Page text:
Time to act on low-cost tour bus industry

On Thursday, the City Council will take an important step in signaling its support for enhanced safety requirements for discount and low-cost tour bus operators. Two resolutions will come before the full Council for a vote, Resolution 892 and Resolution 1000, which call upon our counterparts at the federal and state level to increase regulation of an industry that has been plagued by tragic accidents across our nation.

Members of the Council have joined together to support Resolution 892, which calls on Congress to pass “The Motorcoach Enhanced Safety Act of 2011.” If passed, this legislation will improve safety for passengers on intercity buses by requiring buses to have seat belts, stronger windows, crush-resistant roofs, and safety inspections for all new bus companies within the first 18 months after operations begin.

We are proud that this legislation has received the support of the Council. At the federal level, “The Motorcoach Enhanced Safety Act,” also known as the Lewis Bill, is supported by President Barack Obama, U.S. Senators Charles Schumer and Kirsten Gillibrand, and U.S. Representatives Jerrold Nadler and Nydia Velázquez.

Over the past year, there have been an unacceptable number of fatal accidents involving intercity buses, including two horrific crashes within a three-day period this March, which resulted in 17 fatalities and numerous injuries. The first crash occurred in the Bronx and killed 15 people, while the second occurred in New Jersey and killed two people. Both buses provided service to or from Chinatown. The loss of life hit very close to home and renewed the push from New York elected officials for expanded oversight of intercity bus industry.  In the six months of 2011 alone, there were at least ten motorcoach crashes resulting in more than 20 fatalities and over 130 injuries nationwide. This stands in stark contrast with the number of overall number of highway deaths, which has steadily fallen since 2005.

It is disturbing that federal oversight of these intercity bus carriers is almost non-existent. Federal law prohibits routine inspection of buses while they are en route, which constrains inspections of overnight trips and allows checkpoints at rest stops to be easily evaded. Carriers have been known to simply transfer their vehicles and drivers after receiving poor safety ratings; and according to reports by the Federal Motor Carrier Safety Administration, the required documentation from the owners behind these bus companies is difficult to come by.

Over 2000 low-cost, discount buses operated by 75 different companies leave New York City on a daily basis. The majority of curbside bus companies rely on brokers, who are not subject to federal jurisdiction, to sell tickets. These brokers are not required to disclose the name of the carrier to consumers, which makes it almost impossible for passengers to research a company’s safety record.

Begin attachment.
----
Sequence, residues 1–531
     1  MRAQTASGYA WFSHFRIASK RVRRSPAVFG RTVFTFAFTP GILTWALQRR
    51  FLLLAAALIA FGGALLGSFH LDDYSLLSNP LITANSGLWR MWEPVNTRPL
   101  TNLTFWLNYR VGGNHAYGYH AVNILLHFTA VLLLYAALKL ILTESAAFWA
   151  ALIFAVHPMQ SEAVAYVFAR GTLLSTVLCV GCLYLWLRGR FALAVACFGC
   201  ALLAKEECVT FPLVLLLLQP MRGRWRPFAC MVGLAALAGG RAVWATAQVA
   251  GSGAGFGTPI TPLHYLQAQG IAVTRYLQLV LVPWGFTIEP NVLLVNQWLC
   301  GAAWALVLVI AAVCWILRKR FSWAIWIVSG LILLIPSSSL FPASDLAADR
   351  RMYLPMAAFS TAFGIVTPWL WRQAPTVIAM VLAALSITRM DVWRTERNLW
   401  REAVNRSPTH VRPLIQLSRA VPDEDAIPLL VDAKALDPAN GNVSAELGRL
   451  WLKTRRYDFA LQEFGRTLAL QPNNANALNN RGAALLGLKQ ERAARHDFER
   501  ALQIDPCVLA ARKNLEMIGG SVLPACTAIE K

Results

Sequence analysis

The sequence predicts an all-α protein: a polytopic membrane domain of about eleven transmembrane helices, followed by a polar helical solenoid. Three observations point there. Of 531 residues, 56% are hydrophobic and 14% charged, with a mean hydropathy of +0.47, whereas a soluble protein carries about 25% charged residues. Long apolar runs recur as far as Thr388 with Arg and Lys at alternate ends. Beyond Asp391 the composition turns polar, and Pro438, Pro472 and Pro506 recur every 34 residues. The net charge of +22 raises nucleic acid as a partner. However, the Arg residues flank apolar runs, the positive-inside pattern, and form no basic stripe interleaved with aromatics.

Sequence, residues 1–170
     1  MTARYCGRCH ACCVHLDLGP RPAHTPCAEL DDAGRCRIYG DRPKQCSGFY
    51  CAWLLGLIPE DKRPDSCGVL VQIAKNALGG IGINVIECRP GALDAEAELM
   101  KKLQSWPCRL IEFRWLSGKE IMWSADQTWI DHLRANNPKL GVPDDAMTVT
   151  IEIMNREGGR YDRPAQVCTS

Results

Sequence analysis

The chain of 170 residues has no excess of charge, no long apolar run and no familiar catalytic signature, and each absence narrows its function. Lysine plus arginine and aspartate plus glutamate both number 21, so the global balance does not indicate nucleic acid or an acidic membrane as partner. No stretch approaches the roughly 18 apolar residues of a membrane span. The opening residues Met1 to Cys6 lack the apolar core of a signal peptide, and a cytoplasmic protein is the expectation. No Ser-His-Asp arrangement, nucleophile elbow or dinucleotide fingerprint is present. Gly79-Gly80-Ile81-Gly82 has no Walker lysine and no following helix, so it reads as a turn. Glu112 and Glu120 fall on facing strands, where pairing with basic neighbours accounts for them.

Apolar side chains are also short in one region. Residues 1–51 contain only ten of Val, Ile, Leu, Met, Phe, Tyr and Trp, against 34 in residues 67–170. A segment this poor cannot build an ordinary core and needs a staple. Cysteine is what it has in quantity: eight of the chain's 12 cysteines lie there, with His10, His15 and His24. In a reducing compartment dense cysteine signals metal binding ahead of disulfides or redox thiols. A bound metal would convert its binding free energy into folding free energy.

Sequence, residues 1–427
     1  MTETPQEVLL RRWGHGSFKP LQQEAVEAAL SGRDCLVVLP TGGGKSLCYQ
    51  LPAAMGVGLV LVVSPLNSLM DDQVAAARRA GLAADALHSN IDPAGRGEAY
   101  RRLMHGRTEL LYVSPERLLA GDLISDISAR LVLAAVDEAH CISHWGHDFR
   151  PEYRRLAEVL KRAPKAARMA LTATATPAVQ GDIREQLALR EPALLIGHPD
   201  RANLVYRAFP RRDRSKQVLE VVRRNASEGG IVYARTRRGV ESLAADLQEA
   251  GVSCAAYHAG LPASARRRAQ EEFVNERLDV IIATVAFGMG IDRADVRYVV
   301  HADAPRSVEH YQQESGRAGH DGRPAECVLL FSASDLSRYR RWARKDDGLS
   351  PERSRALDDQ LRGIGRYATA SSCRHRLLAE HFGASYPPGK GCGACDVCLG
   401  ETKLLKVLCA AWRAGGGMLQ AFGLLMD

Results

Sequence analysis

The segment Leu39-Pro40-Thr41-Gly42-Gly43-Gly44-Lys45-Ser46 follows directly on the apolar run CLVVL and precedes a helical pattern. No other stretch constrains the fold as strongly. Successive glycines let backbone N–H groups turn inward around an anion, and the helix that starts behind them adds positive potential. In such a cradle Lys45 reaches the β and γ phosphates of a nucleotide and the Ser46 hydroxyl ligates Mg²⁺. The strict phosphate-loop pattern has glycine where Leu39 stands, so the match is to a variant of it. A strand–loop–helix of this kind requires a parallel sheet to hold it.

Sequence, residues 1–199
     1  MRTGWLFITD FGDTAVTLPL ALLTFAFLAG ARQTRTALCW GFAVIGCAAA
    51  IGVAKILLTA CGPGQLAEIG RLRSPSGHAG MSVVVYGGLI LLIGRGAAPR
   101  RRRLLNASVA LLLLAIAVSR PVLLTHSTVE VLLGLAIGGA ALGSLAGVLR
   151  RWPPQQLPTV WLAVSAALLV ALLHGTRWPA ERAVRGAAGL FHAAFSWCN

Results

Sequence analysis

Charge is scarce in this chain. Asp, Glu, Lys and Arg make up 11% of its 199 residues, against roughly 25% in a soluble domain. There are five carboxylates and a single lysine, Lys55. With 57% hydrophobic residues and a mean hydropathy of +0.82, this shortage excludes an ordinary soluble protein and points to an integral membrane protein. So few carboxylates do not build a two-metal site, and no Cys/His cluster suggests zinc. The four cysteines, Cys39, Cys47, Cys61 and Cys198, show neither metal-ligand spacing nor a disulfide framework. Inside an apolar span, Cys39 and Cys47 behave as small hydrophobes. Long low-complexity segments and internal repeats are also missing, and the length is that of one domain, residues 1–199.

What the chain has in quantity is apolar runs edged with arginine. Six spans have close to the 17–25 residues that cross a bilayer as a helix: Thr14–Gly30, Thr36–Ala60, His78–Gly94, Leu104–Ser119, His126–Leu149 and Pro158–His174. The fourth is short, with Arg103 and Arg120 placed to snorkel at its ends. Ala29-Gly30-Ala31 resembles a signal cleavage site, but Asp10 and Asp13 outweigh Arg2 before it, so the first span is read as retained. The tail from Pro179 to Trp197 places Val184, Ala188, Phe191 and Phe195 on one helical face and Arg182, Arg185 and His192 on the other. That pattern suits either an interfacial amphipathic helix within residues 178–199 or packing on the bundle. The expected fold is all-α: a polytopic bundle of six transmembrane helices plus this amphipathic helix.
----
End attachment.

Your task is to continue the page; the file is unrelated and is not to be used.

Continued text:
In its November 2011 report, the National Transportation Safety Board (NTSB) found that low-cost providers who pick up passengers at the curb had the higher overall accident rate and death and injured person rate. From January 2005 to March 2011, the fatality rate for curbside pick-up operators was 1.9 persons killed for every 100 vehicles, as compared to 0.2 for carriers that operate out of a terminal.  Curbside carriers also had higher violation rates with regards to fatigued driving and driver fitness.  The N.T.S.B. concluded that accidents involving curbside carriers where more likely to result in injury or death. The report also mentioned that motorcoach safety was strongly influenced by the carriers that own these buses and the drivers that operate them.

To this end, on Thursday the City Council will also vote on a companion resolution, Resolution 1000, calling on New York State Assembly and the Governor to pass and sign into law legislation requiring intercity bus drivers to undergo background checks.

Under current state law only school bus drivers are required to undergo a background check for employment. Since March 2011, the New York State Department of Transportation has conducted over 1,200 random checks of interstate buses which have resulted in 124 bus drivers being taken off the road, with 14 percent of these drivers having improper or suspended licenses. The New York State Senate voted in support of this legislation earlier this year.

At a time when gas prices are rising and the cost of travel overall is increasing, low-cost, discount tour buses are a quick, efficient, and cost-effective travel options for hundreds of millions Americans. Intercity bus travel grew by 24% in 2010 and does not show signs of slowing down. We cannot act quickly enough to ensure that this growing industry is subject to basic safety and reporting regulations.

This op-ed was co-written by Christine Quinn, Speaker of the New York City Council; Councilmember Margaret Chin, representative for District-1, Lower Manhattan, and primary sponsor of Resolution 892; Councilmember James Vacca, Chair, Committee on Transportation; and Councilmember James Gennaro, primarily sponsor of Resolution 1000.

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3 Responses to Time to act on low-cost tour bus industry

  1. If you'll check statistics, I believe you'll find that the motorcoach industryu00a0has fewer fatalities per passenger mileu00a0than Amtrak. (despite recent highly visible, unfortunate, accidents).nnIn addition, public sector transit operations are not required to meet same standards as private comapnies…nnYou are correct in some of your suggestions, but increased inspections aren't going to have much impact. Coach accidents are almost never caused by mechanical problems. nnWhat really needs to happen is for police to stop buses being driven aggressively.. but they don't because they don't know what to do with the passngers.

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